Saturday, October 1, 2011

Familiar food from long ago...

Some of us may have heard about medieval food being quite different from what we eat today, that is was seasoned differently, cooked differently, looked weird and so on...

but was it all that different?

Look at roasts, do we not eat these today? What about covered and open faced tarts filled with fruit, sugar and sweet spices? Not very uncommon in our standard diet. We also have custards, fruit sauces, a taste for white bread, pies with finely chopped meats and fruit (think mince meat pie), meatballs, fritters and so on

Much of how we see these old recipes, and the food produced from them, depends on our own preconceptions. 
If I were to look at boar in egredouce, I could view it as something strange with fruit and vinegar or wine, with strange meat and sugar and all sorts of odd ingredients and sweet spices. Or, I could look at the recipe and conclude that I'm basically making a sort of sweet and sour pork, as the word egredouce suggests (sour - sweet). The idea of a sweet and sour sauce having spices, colour and fruit is not an unusual concept today either. The only real differences is some of the types of ingredients we use today compared to long ago in effort to achieve much of the same effects.

One difference is how we thicken sauces, not all, but many sauces were thickened with grated bread soaked in liquid and then strained. This actually tastes better than raw flour in a sauce which some people may be familiar with. Another method was to use raw egg yolk that was carefully cooked into the sauce. Some more recognizable ways toward thickened sauces would be through natural sauces and even purees, among a few.

Sometimes we see items like saunders, basically it made for a reddish-brown food colour, sometimes paired with saffron for a more intense colour. saffron itself was often used for yellow. some period food colours are not so easy to obtain, but if one wishes to substitute, it's worth at least finding out what the end result would have looked like.

Pies, a lot of paintings show raised pies standing up on their own, but we know they were also baked in pans much like we see today and some in the form of a pasty. It's something most of us are pretty familiar with and were something even common folk ate despite not them very likely not ever having ovens of their own.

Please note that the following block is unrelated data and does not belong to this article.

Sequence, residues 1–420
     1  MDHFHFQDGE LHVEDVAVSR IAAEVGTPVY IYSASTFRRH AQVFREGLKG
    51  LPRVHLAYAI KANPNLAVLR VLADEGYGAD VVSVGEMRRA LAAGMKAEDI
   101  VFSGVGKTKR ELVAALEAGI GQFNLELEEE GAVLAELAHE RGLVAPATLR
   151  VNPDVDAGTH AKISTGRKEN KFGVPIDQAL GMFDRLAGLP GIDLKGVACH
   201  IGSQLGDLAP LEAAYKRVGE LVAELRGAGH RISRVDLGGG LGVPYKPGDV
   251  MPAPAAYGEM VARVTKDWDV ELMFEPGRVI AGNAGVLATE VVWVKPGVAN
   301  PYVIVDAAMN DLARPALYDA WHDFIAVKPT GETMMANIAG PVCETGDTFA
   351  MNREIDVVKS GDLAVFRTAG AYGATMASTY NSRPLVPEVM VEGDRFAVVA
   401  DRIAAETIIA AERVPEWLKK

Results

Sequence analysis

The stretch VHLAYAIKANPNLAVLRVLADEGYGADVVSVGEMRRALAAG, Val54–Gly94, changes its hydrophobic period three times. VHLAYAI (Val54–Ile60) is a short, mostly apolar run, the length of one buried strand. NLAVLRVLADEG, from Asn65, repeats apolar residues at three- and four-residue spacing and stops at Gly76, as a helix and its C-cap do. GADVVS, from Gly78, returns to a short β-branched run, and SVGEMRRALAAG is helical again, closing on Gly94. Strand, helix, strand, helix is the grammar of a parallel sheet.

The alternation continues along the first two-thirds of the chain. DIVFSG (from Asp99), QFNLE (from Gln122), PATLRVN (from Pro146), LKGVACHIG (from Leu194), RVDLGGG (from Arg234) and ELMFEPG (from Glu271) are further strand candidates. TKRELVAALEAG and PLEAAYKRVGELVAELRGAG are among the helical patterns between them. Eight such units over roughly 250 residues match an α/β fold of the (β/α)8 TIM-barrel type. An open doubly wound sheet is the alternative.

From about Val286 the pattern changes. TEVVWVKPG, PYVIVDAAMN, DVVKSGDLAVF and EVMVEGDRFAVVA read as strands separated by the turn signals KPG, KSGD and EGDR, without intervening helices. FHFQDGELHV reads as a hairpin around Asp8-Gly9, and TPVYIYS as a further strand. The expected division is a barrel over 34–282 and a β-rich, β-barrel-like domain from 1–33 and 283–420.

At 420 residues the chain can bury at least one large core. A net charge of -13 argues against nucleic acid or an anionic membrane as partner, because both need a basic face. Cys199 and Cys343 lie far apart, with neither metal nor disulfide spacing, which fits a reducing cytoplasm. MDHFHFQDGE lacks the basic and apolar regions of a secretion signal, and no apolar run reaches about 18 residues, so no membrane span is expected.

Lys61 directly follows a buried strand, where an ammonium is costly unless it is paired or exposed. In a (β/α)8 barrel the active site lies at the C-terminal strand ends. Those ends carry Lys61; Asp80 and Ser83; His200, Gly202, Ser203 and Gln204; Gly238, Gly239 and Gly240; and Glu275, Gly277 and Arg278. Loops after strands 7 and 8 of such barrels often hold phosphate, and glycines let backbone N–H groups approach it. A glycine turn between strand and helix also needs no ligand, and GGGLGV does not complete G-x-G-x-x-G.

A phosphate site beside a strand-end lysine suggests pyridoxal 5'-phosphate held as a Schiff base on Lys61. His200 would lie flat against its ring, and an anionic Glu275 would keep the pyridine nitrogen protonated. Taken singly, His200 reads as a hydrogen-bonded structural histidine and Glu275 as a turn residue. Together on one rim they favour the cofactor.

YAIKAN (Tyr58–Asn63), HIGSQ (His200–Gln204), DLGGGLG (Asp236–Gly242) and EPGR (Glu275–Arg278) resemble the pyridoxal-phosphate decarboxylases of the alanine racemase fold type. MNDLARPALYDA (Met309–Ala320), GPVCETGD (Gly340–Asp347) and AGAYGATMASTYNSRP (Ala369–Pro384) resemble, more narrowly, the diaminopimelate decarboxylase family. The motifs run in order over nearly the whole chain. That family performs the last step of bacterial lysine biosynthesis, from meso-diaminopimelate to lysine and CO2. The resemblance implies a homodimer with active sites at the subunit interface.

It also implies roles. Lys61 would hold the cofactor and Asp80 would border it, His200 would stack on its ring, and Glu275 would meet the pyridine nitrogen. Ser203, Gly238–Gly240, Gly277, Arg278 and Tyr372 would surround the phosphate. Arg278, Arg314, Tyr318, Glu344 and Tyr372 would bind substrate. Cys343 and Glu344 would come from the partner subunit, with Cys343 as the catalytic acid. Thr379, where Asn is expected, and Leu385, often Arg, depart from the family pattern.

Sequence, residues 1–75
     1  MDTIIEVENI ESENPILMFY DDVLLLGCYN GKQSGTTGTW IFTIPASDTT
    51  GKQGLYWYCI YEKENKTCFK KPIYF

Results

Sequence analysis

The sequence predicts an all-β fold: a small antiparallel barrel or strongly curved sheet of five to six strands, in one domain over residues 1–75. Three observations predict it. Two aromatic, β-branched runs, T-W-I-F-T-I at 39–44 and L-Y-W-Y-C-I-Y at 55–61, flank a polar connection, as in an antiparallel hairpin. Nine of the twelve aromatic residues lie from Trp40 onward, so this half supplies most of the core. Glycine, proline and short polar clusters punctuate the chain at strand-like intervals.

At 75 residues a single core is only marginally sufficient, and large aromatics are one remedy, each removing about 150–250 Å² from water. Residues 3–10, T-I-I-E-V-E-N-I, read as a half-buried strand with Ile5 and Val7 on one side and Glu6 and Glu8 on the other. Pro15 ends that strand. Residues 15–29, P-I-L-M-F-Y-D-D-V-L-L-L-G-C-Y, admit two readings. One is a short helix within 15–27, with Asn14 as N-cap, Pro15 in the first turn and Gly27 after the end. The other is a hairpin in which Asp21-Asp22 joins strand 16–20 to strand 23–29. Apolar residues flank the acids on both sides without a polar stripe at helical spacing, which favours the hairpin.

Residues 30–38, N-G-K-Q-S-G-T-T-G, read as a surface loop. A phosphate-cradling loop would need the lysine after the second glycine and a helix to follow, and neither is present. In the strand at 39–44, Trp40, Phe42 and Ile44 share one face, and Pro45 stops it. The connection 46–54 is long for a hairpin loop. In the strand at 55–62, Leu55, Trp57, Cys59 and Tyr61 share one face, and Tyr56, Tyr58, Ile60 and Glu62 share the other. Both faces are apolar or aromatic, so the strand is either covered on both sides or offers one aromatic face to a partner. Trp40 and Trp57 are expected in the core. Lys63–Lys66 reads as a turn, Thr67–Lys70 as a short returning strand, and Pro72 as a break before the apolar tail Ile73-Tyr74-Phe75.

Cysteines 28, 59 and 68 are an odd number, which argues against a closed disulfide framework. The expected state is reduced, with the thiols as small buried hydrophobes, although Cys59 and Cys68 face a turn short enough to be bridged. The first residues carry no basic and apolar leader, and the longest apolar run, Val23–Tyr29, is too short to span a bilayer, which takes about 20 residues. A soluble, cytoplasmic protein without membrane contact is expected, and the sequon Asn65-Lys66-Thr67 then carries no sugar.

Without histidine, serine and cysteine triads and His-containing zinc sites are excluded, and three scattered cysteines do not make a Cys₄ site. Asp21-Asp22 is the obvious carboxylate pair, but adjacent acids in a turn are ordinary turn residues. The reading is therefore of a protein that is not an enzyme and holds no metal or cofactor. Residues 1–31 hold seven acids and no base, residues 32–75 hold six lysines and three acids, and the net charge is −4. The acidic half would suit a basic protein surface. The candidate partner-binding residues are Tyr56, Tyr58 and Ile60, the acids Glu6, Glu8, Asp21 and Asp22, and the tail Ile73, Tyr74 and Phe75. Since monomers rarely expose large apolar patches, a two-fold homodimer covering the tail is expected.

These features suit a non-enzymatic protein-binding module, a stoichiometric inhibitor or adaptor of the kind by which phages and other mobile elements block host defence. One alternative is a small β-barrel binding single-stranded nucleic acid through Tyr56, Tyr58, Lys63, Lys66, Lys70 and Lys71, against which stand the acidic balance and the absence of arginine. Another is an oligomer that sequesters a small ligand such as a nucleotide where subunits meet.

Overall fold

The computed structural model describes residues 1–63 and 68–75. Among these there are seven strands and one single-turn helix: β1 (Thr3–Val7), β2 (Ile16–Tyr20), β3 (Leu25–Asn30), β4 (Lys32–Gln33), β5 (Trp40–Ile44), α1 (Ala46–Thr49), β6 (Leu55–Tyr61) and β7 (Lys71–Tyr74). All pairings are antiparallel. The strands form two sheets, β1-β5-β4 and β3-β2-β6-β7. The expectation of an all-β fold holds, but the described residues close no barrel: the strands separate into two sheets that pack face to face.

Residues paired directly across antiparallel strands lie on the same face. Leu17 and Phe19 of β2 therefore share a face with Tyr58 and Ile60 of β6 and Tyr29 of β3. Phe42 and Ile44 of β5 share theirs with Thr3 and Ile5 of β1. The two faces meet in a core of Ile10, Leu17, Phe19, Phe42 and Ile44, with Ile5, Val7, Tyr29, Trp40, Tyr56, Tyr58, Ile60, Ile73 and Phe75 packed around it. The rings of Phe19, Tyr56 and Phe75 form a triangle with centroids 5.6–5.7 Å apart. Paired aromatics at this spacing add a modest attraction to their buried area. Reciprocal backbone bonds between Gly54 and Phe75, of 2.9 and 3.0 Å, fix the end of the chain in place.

Stuffed vegetables, yes, pretty common stuff. They stuffed vegetables and fruit (like apples) with meats and non-meat fillings, sometimes called puddings. They even stuffed meat! And look at what we do today... we have cabbage rolls and turkey stuffing and stuffed peppers, potatoes, onions and so on.

ingredients switch: One thing that may leave some people bewildered is that we are very used to using ingredients such as potatoes and tomatoes in so many dishes... once upon a time, other foods filled these roles. Tomatoes seems to be one of the trickiest ones for people used to todays dinner plate, but it's not that hard to get past when you think about it. Tomatoes are your colourful, acidic addition. In a pre-common tomato in food era, people used all sorts of different items that served a similar role. Besides food colours, we used foods now mostly used in fewer cuisines... such as Lemon, Barberries, Pomegranate, Raisins, sour apple or grape juice and the like. However, we still use vinegar and wine in the general kitchen and instead of barberries, many home cooks enjoy things such as cranberries.
Hot peppers (capsicums) are another, in order to achieve interesting hot flavours, we then combined, or used separately, spices such as peppercorns, long pepper, grains of paradise, ginger or galangal, and even cinnamon. It may sound weird, but taken in context and used in a manner where you are thinking "hot" and the results can be eye lifting.

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